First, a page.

Data Analysis:Data analysis was performed using a statistical computer software package (Statistical Analysis System, SAS Institute, Inc., Cary, North Carolina, USA). Mean values and the SD of differences between initial and replicate periodontal site assessments were calculated for PD, CEJ-GM distance, and CAL. Intra-examiner measurement error (ME) for each of the probing assessments was estimated by calculating the SD for a single measurement as follows :
Where each σij at a site level is estimable based on the difference between replicate measurements dij (representing the difference in replicate scores for the observed measurement, yij, for the jth site within the ith patient; n = number of patients), and where one assumes measurement errors are independent of patient and sitetype, i.e., var (yijk) = σ2.
Kappa statistics were used to quantify intra-examiner agreement beyond chance for site-based replicate assessments of PD and CAL . Exact kappa and a kappa value combining pairs of scores within 1 mm of each other were calculated for replicate assessments of PD and CAL, as previously described [19,20], but without confidence intervals adjusted for within-patient effects. Kappa values between 0.40 and 0.75 were considered to represent fair to good agreement, with kappa > 0.75 indicating excellent agreement .
The influence of gingival inflammation on intra-examiner reproducibility of PD, CEJ- GM distance, and CAL was evaluated by comparing their reproducibility parameters across increasing BOP index scores.
Patients in the lowest and highest quintile of patients ranked by the total number of periodontal sites/patient subjected to replicate evaluations were also compared relative to agreement attained within 1 mm for replicate PD, CEJ-GM distance, and CAL measurements.
A total of 567 periodontal pockets demonstrating ≥ 5 mm PD and BOP were evaluated in the probing reproducibility examinations, of which 468 (82.5%) were located on interproximal tooth surfaces, with each of the 39 study patients contributing 7-20 periodontal sites from at least two dentition quadrants (Table 1). Among other sites in the study patients not exhibiting ≥ 5 mm PD and BOP, 0.2% were ≥ 5 mm PD but without BOP, 70.7% were < 5 mm with BOP, and 29.1% were < 5 mm but without BOP.
Table 2 presents the mean initial and replicate measurements for PD, CEJ-GM distance, and CAL for the 567 periodontal pockets. PD values averaged 5.7 mm (range 5-14 mm), with mean differences among various tooth sites found to be ≤ 0.10 mm between replicate values for PD, CEJ-GM distance, and CAL. The SD for single measurements (intra-examiner measurement error) of PD, CEJ-GM distance, and CAL was 0.21 mm, 0.15 mm and 0.26 mm, respectively (Table 2).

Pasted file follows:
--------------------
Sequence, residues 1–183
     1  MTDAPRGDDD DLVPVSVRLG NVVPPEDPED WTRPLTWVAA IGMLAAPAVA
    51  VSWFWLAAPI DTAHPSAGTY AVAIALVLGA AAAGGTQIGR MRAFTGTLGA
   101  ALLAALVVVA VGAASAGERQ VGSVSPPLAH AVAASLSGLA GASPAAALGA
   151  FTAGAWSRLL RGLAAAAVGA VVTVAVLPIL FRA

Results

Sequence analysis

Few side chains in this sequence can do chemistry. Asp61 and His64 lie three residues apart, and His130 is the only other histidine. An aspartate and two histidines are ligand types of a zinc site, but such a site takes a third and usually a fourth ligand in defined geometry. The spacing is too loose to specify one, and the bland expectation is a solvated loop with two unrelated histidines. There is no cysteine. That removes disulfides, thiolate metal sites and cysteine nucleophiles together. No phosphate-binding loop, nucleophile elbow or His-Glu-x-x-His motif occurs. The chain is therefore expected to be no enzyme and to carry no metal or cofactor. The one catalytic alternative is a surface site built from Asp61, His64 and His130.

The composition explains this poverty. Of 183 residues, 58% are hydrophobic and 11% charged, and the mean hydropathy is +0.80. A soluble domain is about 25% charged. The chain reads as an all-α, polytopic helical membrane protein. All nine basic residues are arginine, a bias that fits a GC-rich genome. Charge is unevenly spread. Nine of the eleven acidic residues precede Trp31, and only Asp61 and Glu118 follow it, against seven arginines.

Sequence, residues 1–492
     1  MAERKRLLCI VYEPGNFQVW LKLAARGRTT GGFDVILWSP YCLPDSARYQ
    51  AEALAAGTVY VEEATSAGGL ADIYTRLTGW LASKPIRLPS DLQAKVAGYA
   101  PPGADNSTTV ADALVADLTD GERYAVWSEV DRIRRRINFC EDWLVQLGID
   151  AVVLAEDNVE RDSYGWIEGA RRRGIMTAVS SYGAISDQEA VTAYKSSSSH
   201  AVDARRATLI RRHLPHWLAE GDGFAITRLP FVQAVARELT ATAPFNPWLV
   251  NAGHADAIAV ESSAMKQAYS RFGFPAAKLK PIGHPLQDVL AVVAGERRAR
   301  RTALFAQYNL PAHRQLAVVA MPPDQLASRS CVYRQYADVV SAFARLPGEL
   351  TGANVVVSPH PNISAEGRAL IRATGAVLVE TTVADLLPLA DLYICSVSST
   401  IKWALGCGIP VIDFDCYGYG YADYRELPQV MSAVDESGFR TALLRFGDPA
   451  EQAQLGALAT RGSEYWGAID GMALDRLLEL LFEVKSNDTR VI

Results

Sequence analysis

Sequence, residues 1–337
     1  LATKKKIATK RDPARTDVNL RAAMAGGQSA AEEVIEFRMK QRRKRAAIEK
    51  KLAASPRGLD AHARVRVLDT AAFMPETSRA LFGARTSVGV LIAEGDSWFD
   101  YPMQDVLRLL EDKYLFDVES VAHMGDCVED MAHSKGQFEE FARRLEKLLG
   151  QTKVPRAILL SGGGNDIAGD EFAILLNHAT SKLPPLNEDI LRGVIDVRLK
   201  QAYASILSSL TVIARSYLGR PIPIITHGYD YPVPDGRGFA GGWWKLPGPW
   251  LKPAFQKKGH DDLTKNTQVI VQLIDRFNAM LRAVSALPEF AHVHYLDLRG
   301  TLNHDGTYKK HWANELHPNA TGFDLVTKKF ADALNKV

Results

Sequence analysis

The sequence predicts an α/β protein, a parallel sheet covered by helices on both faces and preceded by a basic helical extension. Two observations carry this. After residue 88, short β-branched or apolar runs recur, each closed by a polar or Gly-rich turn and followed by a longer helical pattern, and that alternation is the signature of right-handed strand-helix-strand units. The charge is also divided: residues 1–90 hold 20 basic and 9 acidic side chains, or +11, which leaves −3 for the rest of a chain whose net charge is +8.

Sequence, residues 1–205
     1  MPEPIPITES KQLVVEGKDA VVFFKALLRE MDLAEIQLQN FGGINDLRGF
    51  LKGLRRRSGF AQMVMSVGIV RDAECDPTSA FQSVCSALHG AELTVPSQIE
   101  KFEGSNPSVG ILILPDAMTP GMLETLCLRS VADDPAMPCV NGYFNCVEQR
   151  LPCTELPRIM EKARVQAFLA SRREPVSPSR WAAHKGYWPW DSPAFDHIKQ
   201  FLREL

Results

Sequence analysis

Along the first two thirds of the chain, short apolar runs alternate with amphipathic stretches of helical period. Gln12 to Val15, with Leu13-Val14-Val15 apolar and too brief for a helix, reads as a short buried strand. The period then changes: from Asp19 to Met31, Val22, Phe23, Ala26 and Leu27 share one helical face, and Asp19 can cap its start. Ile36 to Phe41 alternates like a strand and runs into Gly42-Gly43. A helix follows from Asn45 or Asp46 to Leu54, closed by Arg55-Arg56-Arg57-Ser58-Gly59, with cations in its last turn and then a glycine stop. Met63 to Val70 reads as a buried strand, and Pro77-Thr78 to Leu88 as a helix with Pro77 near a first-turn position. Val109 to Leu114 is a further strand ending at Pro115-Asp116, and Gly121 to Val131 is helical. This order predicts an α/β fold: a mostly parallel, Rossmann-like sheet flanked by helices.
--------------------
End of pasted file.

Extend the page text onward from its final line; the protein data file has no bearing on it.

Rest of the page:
Table 3 reveals that exact agreement was found for 92.1% of replicate PD measurements, and for 89.1% of replicate CAL assessments, with both parameters attaining agreement within 1 mm for more than 99% of examined periodontal sites. Kappa values for exact intra-examiner agreement were 0.86 for PD (0.99 for agreement within 1 mm), and 0.87 for CAL (0.98 for agreement within 1 mm). These kappa values all exceeded the threshold required (kappa > 0.75) to indicate excellent intra-examiner agreement .
Among specific tooth surfaces, lingual surfaces generally yielded lower intra-examiner measurement error values and higher kappa scores, as compared to buccal tooth surfaces for both PD and CAL (Table 2,3).
Table 4 shows the influence of BOP index scores on the reproducibility of PD, CEJ-GM distance, and CAL assessments. Higher BOP index scores were associated with greater intra-examiner measurement error for all of the probing evaluations carried out, and decreased kappa values for CAL (Table 4).
All PD and CEJ-GM replicate measurements, and all but two CAL replicate measurements (one in each patient group), were within 1 mm of each other in patients where only a few periodontal sites were subjected to replicate evaluations (lowest quintile; 7-12 sites per patient; 89 total sites in 8 patients), as well as in patients where a higher number of periodontal sites were scored twice (highest quintile; 18-20 sites per patient; 155 total sites in 8 patients).